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I recently created a game (LD21) that uses a geometry shader to convert points into textured triangles/culling. Since I was under the impression that the support for #330 was widespread I only wrote #330 shaders, but it seems that a lot of not so old hardware only support #130 (according to GLView)

Now, since I'm only familiar with the #330 core functionality I am having trouble rewriting my shaders to #130. The fragment shader was quite trivial to rewrite, but I've only managed to get my vertex and geometry shader down to #150.

So, is it possible to rewrite the shaders, or would it require a lot of changes in my rendering engine?

Geometry shader

#version 150
layout(points) in;
layout(triangle_strip, max_vertices = 4) out;
uniform mat4 oMatrix;
in VertexData
    vec4 position;
    vec4 texcoord;
    vec4 size;
} vert;

out vec2 gTexCoord;

void main()
    if(vert.position.x>-4f && vert.position.x<4f && vert.position.y>-2f && vert.position.y<2f)
        gl_Position = vert.position + vec4(vert.size.x,vert.size.y,0,0);

        gl_Position = vert.position + vec4(0.0,vert.size.y,0,0);

        gl_Position = vert.position + vec4(vert.size.x,0.0,0,0);

        gl_Position = vert.position;


Vertex shader

#version 150
#extension GL_ARB_explicit_attrib_location : enable

layout (location = 0) in vec2 position;
layout (location = 1) in vec4 textureCoord;
layout (location = 2) in vec2 size;
uniform mat4 oMatrix;
uniform vec2 offset;
out VertexData
    vec4 position;
    vec4 texcoord;
    vec4 size;
} outData;

void main()
    outData.position = oMatrix * vec4(position.x+offset.x,position.y+offset.y,0,1);
    outData.texcoord = textureCoord;
    outData.size = oMatrix * vec4(size.x,size.y,0,0);
share|improve this question
Don't forget to inform yourself about the accept and up-vote features. – Christian Rau Aug 26 '11 at 14:44
"Don't forget to inform yourself about the accept and up-vote features." Read : "Accept my Answer." – Jonathan Connell Aug 26 '11 at 14:49
So? It's rude not to accept answers. – kmm Aug 26 '11 at 15:14
@Jonathan Wasn't meant that way. It's not rude to not accept if the answer was not of help. Actually the OP has maybe accepted my answer too fast (sorry for that). But I often (even in my still short SO-life) I see one-time visitors ask a question and then completely forget about it (maybe they solved it 3 minutes later themselves or they mistook the site as a forum). But the reputation system is the driving force of this feedback oriented Q&A site. It wasn't meant to immediately accept my answer without thought, but as written, to be aware of the accept feature (as many newbies aren't). – Christian Rau Aug 26 '11 at 15:57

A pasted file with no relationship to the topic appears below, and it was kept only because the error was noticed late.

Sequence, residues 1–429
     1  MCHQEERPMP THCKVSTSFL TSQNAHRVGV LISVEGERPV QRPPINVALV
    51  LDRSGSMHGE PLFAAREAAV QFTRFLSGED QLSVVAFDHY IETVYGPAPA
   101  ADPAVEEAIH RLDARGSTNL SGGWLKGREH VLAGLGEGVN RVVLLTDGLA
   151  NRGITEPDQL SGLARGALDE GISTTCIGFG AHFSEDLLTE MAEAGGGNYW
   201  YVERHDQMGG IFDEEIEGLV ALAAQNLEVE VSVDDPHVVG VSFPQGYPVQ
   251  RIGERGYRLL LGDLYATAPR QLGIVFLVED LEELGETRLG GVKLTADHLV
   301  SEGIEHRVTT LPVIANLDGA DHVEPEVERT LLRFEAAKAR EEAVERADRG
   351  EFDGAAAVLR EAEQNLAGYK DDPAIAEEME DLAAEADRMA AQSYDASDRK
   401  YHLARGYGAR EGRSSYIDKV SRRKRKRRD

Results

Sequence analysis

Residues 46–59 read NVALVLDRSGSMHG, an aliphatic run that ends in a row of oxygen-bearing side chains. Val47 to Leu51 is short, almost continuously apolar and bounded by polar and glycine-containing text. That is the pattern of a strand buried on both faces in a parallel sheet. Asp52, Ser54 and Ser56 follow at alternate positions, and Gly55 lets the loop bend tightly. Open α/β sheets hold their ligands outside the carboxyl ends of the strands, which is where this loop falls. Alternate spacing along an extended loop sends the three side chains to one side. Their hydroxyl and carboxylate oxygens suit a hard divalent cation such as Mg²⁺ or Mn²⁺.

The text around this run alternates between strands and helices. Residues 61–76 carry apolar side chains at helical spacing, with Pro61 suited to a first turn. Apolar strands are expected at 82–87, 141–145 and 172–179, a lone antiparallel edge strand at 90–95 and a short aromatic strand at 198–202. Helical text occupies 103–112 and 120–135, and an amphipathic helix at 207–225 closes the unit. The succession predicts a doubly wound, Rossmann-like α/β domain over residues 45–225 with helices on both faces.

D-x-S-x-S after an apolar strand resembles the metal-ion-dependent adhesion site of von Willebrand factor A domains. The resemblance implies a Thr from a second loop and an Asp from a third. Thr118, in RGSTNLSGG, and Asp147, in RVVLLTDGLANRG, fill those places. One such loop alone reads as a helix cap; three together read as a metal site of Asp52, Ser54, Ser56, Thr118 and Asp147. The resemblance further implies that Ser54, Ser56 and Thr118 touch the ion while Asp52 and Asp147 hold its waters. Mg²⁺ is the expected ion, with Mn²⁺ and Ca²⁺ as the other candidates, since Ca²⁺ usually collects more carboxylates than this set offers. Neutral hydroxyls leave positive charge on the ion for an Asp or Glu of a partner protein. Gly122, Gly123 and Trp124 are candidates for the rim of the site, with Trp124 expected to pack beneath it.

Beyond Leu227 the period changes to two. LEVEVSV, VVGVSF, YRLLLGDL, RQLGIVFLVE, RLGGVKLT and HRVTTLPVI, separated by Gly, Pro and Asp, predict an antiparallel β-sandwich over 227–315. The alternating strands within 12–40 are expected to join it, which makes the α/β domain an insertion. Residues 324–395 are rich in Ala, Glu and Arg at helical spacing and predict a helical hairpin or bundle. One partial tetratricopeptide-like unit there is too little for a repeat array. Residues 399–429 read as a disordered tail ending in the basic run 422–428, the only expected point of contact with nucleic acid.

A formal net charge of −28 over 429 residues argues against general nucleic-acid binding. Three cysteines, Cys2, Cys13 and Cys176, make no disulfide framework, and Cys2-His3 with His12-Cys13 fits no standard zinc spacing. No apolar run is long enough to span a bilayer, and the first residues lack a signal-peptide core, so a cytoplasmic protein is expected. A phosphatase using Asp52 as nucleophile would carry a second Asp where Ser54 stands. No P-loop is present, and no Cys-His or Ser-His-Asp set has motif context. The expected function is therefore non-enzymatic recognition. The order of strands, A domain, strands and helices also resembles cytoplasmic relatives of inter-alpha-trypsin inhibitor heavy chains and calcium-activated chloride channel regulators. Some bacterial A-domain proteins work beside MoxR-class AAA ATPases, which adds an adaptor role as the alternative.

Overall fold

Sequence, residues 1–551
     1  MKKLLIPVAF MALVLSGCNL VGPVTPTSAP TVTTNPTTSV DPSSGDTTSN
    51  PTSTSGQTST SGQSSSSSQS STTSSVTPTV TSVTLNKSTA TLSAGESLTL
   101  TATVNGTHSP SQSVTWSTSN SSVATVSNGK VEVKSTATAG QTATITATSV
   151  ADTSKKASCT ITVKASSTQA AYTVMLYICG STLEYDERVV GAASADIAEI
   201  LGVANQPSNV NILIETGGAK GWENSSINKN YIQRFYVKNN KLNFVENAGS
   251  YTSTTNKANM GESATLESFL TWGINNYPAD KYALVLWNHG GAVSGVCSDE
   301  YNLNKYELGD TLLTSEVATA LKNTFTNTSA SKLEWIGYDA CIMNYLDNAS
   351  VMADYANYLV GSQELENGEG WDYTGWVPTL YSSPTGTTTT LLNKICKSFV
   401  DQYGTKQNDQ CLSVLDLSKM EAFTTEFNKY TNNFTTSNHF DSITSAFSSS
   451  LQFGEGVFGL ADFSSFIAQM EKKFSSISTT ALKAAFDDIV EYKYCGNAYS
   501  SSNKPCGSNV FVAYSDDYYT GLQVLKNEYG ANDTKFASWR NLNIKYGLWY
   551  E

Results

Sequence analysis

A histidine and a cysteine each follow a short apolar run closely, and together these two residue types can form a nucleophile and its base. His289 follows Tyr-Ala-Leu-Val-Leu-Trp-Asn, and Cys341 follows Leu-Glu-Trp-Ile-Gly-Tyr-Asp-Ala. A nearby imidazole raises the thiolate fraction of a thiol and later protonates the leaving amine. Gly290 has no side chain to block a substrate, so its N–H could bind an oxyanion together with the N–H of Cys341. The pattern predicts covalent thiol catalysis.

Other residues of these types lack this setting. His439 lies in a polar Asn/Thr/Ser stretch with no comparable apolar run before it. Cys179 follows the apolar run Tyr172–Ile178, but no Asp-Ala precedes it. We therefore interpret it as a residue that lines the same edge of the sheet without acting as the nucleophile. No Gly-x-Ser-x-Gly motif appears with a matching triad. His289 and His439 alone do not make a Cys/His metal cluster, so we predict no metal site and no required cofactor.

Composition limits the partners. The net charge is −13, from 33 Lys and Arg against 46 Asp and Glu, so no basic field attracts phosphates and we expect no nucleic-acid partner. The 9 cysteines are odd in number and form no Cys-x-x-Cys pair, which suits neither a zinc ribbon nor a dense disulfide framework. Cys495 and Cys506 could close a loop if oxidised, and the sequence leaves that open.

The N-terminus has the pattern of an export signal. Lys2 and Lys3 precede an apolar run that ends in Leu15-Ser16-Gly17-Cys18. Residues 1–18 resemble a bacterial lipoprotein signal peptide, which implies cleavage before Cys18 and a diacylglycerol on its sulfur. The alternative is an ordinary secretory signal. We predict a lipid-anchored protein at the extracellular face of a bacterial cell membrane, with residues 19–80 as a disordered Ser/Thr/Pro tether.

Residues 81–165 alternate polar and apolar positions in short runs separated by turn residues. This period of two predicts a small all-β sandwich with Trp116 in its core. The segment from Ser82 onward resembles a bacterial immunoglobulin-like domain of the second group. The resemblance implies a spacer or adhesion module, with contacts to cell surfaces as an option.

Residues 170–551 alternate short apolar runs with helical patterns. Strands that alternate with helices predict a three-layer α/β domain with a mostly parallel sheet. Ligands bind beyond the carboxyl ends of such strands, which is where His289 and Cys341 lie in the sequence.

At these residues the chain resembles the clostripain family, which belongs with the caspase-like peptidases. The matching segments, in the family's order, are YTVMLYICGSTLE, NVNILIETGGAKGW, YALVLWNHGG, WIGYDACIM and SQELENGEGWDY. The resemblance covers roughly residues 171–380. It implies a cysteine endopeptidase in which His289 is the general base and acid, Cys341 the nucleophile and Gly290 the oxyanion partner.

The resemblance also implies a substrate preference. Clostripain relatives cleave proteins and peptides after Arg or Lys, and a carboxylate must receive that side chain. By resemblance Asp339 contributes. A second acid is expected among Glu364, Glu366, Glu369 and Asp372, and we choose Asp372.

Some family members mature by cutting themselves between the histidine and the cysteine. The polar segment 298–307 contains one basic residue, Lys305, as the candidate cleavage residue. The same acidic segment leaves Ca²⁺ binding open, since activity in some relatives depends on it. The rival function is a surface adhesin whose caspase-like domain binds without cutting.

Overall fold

@Christian Rau This does indeed sometimes happen though it's probably best to give people the benefit of the doubt. If you do want to post a comment, "Welcome, please read the site rules" would be more appropriate IMO :) Oh and +1 for your answer ;) – Jonathan Connell Aug 27 '11 at 8:29
up vote 5 down vote accepted

First of all, you won't be able to use structs for varying data (changed by 1.50), but you still can use in and out instead of attribute and varying. Additionally you have to write into the builtin variable gl_Position in the vertex shader (changed by 1.40). So in your vertex shader substitute the declaration of outData with something similar to

out vec4 texcoord;
out vec4 vSize;       //size already used

and use gl_Position instead of outData.position.

I'm not sure if the ARB_explicit_attrib_location extension is already core, so maybe you have to add

#extension ARB_explicit_attrib_location : require

to use the layout syntax or just set the attribute locations in the application by calling glBindAttribLocation before linking the shader, if this extension is not supprted.

In the geometry shader change the decralation of vert to something like

in vec4 texcoord[];      //names have to match vertex shader, of course
in vec4 vSize[];

Although you only get a single input (as you're using points), they still have to be arrays, I think (although always index with [0], when used). Change the use of vert.position to gl_PositionIn[0].

Next, I think the layout syntax for the geometry shader has been introduced in 1.50, so you might have to set the geometry shader layout in the application by means of glProgramParameteri.

I have to admit, that I have not much practical experience with geometry shaders or the modern syntax, as I still sit on 2.1 hardware, but all these changes can be deduced by looking into the respective specifications. Just look at the shader info logs if compilation (or linking) fails to gain some hints about what could be wrong.

The missing of the layout syntax in both the vertex and the geometry shader are the only things that might require some small additions to your application code, but I'm not completely sure if they are really unsupprted, so try them last.

Also, feel free to update your question if I missed anything and the shaders still don't work, maybe this time with some error messages from the GLSL compiler.

share|improve this answer
Thanks! Got it down to #140, but #130 is within my reach :) – nilstastic Aug 26 '11 at 15:36
@nilstatic So what have you changed and what still doesn't work. Maybe you can edit your question to include the new 1.40 shaders. If you already got 1.40, maybe you just have to change the use of your custom position varyingto gl_Position`. – Christian Rau Aug 26 '11 at 16:02

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